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Home > Technical Subjects >Traffic Issues>In-Street Pedestrian Crossing Signs

In-Street Pedestrian Crossing Signs

There are many of these devices on Maine roads. Some are on state roads and others are on local roads. This is the MaineDOT’s position and policy regarding the use of in-street devices to alert motorists to the potential presence of pedestrians in marked crosswalks. These devices are specifically for unsignalized pedestrian crossings where there is a marked crosswalk. The Manual on Uniform Traffic Control Devices (MUTCD) is the official guide for the installation and use of traffic control devices on all Maine highways. The latest version of this document was published in December, 2003 and it addresses the use of in-street devices at crosswalks in Sections 2B-12 and 7B-09.

The MaineDOT does not support an independent development of another standard or the use of “nonstandard” devices sold by vendors. As a practical matter, if you have any one of a variety of these devices now in your town/city, then it is recommended to replace these devices with this new standard as they deteriorate over time.
Maine DOT has generally not objected to these devices being placed in marked crosswalks on State roads at the discretion of the local municipality.

Consideration should be given to the overall width of the street, the existence of parking, and ability of the motorists to recognize that a crosswalk exists…. .and potential liability. In addition, does the device create a sense of false security to pedestrians who “feel” more protection from one of these devices and proceed with less caution across the crosswalk? Also, it’s important to understand that if the State is restriping the centerline near these devices, the striping truck will probably turn off the paint guns, drive around this device and resume striping on the other side, especially it they are bolted into the pavement.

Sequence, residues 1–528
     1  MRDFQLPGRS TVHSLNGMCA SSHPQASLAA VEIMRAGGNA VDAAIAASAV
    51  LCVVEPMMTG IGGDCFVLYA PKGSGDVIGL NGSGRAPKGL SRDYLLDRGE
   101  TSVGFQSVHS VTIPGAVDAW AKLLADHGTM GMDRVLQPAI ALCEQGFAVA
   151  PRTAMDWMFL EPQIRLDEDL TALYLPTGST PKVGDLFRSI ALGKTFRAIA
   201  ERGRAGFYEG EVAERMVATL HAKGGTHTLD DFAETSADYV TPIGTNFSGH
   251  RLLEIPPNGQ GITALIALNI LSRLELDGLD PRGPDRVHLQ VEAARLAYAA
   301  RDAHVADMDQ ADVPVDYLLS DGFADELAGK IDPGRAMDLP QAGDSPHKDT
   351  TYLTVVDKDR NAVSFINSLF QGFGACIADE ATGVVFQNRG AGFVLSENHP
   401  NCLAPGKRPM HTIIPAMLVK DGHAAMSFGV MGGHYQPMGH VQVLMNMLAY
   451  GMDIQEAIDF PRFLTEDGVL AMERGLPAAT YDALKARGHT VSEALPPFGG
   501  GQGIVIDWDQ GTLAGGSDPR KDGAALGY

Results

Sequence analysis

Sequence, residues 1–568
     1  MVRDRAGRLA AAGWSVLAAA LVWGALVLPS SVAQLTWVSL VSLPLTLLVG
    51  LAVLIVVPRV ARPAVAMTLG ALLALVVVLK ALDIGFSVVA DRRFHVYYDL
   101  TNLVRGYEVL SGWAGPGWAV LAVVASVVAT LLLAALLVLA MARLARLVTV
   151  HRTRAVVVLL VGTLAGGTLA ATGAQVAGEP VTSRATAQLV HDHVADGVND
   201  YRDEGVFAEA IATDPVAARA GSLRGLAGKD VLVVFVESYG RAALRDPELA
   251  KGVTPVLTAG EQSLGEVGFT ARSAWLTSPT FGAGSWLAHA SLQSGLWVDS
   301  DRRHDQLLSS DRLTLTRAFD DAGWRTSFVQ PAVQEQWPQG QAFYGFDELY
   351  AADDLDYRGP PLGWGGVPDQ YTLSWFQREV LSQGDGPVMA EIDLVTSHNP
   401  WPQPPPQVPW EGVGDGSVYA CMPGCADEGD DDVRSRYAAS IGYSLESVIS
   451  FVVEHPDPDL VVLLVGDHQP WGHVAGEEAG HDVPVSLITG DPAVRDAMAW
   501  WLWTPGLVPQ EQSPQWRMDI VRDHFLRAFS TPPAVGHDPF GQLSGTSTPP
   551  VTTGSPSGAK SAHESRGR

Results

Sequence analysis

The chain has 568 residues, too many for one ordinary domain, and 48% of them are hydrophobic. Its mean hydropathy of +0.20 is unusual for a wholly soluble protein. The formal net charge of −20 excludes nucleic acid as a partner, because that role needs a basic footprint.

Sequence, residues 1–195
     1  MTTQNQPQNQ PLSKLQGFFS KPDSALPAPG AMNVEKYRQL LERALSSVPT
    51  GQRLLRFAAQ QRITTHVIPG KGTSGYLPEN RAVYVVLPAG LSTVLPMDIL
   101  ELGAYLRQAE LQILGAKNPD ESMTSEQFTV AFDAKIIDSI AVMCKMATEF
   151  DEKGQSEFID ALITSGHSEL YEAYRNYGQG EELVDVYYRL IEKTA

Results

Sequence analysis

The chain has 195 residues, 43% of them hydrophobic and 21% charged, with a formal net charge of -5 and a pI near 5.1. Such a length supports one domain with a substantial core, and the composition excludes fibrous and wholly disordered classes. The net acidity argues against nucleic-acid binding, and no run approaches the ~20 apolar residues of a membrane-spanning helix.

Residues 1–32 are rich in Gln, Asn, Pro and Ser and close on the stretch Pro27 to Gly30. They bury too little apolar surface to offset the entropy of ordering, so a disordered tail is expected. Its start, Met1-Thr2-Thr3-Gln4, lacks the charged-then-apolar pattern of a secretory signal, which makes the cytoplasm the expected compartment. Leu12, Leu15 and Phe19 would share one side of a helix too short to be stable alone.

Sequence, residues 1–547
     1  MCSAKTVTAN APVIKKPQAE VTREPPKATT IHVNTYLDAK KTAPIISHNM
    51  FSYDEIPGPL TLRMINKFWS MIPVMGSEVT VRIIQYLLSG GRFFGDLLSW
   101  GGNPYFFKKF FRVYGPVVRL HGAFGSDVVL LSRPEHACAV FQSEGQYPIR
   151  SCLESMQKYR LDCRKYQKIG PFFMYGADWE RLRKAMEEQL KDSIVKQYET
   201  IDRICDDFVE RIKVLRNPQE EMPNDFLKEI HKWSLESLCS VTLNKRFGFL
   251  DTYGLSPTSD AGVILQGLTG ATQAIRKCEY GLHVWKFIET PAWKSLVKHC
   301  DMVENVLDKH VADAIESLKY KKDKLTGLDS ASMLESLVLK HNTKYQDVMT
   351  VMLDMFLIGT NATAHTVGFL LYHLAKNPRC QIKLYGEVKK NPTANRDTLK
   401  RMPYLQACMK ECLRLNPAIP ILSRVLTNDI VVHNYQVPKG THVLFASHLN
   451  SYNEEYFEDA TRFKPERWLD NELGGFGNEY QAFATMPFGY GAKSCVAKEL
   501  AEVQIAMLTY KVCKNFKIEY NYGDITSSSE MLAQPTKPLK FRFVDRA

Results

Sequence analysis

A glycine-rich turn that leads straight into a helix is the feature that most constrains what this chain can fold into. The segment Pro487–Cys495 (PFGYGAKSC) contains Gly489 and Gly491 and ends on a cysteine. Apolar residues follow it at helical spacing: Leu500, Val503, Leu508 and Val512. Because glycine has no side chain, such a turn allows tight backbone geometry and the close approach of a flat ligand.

If a device is placed in the road, it must not encumber the movement of vehicles along the street. That is, it should be a flexible vertical panel which does not encroach into the normal travel lane. It should also not be placed directly in the crosswalk to hinder pedestrians. The message/device must be reflectorized if it is to be left in place during night time hours and it must not have metal signs or heavy weighting devices such as concrete blocks or sandbags. It must use the word “YIELD” and not “STOP” to be consistent with Maine law.

MaineDOT recognizes that pedestrian concerns are an important issue to many communities throughout the State. The Department has also accepted the fact that the use of these in-street devices has apparently had a positive effect on driver behavior and awareness of pedestrian needs. Although State law (23 § 1351) states that "all traffic control devices, erected by towns, on state and state aid highways shall be subject to approval of the Department”, we have not prohibited their use in those locations which have been determined by local agencies to meet the criteria for installation.

It's also very important to realize that municipalities are subject to the so- called "highway defect law" (23§ 3651-3655) and these devices may create some liability issues if injury or property damage results due to the presence of these devices. Also, it’s important to realize that if you ultimately decide to allow the first device on a road, many more requests will follow. Does the Town have good justification for allowing some, but not others, and does it have $200+ to pay for each device?

Sign Examples

 

This is a graphic of a crossing sign

Too big with metal sign


This is a graphic of a crossing sign

Dangerous
This is a graphic of a crossing sign

Big barrel with metal signs& sandbag on top not good


This is a graphic of a crossing sign

Better because the message says “YIELD”

This is a graphic of a crossing sign

Better,but State law Says “YIELD”….not "STOP"

This is a graphic of a crossing sign

Proper device

 

 

 

This page last updated on 1/9/13